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Stratford Press - 2021-06-09

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Still waters reform runs deep, costly

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Neil Volzke Stratford Mayor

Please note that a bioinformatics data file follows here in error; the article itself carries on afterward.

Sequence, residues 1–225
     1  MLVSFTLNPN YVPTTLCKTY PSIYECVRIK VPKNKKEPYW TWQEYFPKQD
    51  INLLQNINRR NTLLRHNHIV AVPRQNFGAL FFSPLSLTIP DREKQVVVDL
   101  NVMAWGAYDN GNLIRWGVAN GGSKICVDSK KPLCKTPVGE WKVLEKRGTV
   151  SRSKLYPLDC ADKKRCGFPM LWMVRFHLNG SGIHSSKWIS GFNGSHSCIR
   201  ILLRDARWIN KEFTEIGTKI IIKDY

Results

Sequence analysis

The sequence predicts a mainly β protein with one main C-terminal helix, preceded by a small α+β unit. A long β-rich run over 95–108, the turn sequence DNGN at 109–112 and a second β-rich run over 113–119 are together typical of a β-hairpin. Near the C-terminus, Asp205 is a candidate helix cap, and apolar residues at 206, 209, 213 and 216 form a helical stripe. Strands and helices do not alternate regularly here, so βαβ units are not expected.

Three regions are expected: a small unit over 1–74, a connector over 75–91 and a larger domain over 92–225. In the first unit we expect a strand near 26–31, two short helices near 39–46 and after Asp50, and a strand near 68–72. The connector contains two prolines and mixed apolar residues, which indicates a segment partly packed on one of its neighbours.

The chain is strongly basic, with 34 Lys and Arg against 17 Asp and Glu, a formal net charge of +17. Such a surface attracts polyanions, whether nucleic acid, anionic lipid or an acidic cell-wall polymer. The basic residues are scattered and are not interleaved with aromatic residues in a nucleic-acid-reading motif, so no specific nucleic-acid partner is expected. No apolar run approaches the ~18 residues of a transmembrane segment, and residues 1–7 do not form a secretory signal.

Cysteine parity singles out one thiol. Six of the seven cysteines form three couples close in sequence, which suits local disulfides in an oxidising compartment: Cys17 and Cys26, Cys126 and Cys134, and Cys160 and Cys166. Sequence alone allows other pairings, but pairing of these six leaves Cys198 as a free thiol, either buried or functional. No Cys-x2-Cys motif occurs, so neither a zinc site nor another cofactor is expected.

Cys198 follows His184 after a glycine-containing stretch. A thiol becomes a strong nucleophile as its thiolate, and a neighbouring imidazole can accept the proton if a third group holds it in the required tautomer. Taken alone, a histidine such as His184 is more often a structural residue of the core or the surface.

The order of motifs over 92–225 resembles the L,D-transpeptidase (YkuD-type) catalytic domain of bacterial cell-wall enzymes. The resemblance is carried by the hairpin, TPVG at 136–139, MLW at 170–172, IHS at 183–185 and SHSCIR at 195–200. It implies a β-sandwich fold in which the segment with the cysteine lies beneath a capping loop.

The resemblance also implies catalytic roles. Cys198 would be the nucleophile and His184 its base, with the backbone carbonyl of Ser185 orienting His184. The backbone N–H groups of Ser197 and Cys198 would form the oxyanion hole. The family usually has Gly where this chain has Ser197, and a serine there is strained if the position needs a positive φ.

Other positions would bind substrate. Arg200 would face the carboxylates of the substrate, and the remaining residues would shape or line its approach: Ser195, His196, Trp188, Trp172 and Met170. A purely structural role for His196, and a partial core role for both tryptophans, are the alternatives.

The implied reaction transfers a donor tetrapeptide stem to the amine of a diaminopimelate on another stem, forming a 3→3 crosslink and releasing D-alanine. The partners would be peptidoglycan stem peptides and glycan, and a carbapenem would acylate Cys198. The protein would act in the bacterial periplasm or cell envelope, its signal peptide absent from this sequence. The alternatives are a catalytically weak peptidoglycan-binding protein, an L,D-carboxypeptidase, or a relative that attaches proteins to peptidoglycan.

The Government has taken the next step with its Three Waters reforms and announced plans to create 6000-plus jobs in a 30-year project to amalgamate and upgrade New Zealand’s ageing drinking water, wastewater and storm water infrastructure. Local Government Minister Nanaia Mahuta has confirmed her intention to take drinking water, wastewater and stormwater infrastructure off the 67 councils and vest them in the ownership of about four big new regional water organisations. This will have a huge impact on councils, big and small, as water infrastructure makes up to half the balance sheets of many provincial councils and a sizable portion of the debt of many councils. The idea and need for reform and restructuring arose as a result of the 2016 Havelock North campylobacter outbreak. The Government enthusiastically interpreted the issue as small councils’ lack of expertise and scale in managing complex water infrastructure. After multiple investigations and reports, we have been taken to the point we are at now and the firmedup proposals for the future delivery of water services are about to be debated. The Government announcements made last week have a high-level focus on the country as a whole, but in coming weeks, planned announcements will be focused at a local level. That is where the rubber hits the road and the advantages and disadvantages of the reforms will become much clearer to councils and consumers of water services. The Government reports say the cost of the infrastructure reforms will be between $120 billion and $185b, spread over the next 30 years. That is a massive amount of money to be spent, regardless of who the service providers are, and it doesn’t stop there. Those numbers do not take account of investment uncertainty associated with the need to provide for seismic resilience, climate change or responding to changing societal standards around environmental impacts and Ma¯ ori expectations. The Government argues that the investment need will be huge with the reforms in place, but even larger without them. Minister Mahuta says: “Without service delivery reform, and the associated efficiency gains, the real cost increases to communities (households and businesses) of meeting the required investment would be significant, and likely unaffordable for many smaller communities and low-income customers.” Throughout the process to develop these proposals, the Government has stressed that councils will have the choice of opting into one of the proposed new water-controlling entities, or opting out. My prediction is there will be just four organisations covering the whole of New Zealand, with Taranaki becoming part of a greater Waikato/ Bay of Plenty orientated organisation. Whether each council chooses to become part of one of these large new entities will be a local choice, but I sense that this may well play out as a Hobson’s choice situation. Minister Mahuta says: “It is clear the affordability challenges facing our water infrastructure are too great for councils alone. This research underscores the overall benefits of reform reducing future costs on households, creating new jobs and contributing to regional economies and local industry — all of which build on our economic recovery.” The numbers being touted as future costs to households are mindblowing. At present, on average, households in rural areas pay $500 to $2600 a year for their water services. The Government reports say that without reform, average household bills in 2051 are forecast to range from $1900 to a staggering $13,900. Some households bills would be 13 times more expensive. On the other hand, the reports predict that with reform amalgamating 67 councils into just four water organisations, the projected household water costs are from $800 to $1600 a year. Like everyone else, I will wait with much anticipation for the more detailed local information to be released. That data will provide the information needed to understand the local impact of the reforms. There will be so much to consider and an in-depth public debate to be had.

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